The ‘Yachties’ is a unique saga of exceptional valour displayed by Australian volunteers who served in World War II as officers with the Royal Navy.
Recruited under the Dominion Yachtsmen Scheme, their war service in the Northern Hemisphere was as diverse as it was dangerous.
Most sailed in convoy duties in the Battle of the Atlantic and some in the Arctic run to Murmansk in Russia.
A small group distinguished themselves in Rendering Mines Safe.
The majority served in Combined Operations, which included daring coastal raids, the amphibious landings in the Mediterranean and Normandy, covert operations, and mine sweeping.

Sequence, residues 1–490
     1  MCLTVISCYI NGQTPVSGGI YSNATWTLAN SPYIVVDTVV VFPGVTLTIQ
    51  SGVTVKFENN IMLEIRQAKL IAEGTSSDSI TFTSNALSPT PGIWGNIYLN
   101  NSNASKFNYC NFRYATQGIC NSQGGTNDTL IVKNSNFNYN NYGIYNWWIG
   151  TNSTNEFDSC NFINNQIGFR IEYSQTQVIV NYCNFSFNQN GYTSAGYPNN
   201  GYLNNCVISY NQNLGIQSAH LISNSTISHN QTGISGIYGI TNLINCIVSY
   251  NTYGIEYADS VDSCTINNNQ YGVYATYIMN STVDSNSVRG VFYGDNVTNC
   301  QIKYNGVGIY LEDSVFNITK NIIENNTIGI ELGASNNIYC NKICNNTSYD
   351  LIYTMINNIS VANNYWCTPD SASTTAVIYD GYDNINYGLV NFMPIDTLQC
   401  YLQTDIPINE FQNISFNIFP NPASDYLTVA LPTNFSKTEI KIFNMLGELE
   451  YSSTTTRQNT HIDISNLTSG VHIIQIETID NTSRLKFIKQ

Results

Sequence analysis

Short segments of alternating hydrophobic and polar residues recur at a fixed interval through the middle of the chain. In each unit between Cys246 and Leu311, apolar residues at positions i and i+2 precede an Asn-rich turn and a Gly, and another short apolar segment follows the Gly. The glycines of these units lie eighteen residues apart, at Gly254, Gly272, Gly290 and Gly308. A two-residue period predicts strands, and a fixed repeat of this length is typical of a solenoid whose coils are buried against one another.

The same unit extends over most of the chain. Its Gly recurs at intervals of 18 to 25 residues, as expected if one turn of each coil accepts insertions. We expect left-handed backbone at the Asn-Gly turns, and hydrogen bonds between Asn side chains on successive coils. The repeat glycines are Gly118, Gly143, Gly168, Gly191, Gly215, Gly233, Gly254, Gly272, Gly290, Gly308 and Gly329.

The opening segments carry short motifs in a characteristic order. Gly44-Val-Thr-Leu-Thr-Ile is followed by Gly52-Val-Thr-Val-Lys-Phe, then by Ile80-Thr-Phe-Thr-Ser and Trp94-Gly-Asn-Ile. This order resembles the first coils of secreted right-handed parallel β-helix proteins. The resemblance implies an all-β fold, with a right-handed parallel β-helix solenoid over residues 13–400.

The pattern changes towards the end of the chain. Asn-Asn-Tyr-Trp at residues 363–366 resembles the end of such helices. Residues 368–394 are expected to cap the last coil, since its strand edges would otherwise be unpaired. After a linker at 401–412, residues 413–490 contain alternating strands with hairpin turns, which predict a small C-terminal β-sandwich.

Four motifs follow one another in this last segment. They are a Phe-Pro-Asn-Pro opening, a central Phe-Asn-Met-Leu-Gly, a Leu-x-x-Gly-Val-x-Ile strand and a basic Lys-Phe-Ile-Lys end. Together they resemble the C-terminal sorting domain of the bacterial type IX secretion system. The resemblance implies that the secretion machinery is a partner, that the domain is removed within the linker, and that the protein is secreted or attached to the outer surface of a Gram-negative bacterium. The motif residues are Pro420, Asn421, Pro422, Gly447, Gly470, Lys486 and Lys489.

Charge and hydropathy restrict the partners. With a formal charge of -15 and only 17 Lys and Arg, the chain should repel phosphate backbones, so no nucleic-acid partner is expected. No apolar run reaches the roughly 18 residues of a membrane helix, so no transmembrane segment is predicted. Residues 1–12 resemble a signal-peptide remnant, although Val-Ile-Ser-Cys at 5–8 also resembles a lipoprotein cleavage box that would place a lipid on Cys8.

Later in the war, Yachties also served in the Royal Australian Navy in South East Asia and the Pacific, contributing to victory with bravery, dash and loyalty to country and Empire.
As a group they are the most highly decorated Australian volunteers.
A saga of daring exploits by Australian Yachtsmen Scheme volunteers who served as officers in the Royal Navy and saw action in some of the most dangerous theatres of the war at sea, including the Atlantic convoys, the Artic supply run to Russia, covert operations and the Allied landings.
At home, their European war service attracted little attention and soon slipped from memory-a couple of hundred ‘Yachties’ no longer fitted the national narrative.
But the astonishing fact is that they received about 30% of the RAN’s officer awards in WWII.
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Contact Military History and Heritage Victoria about this article.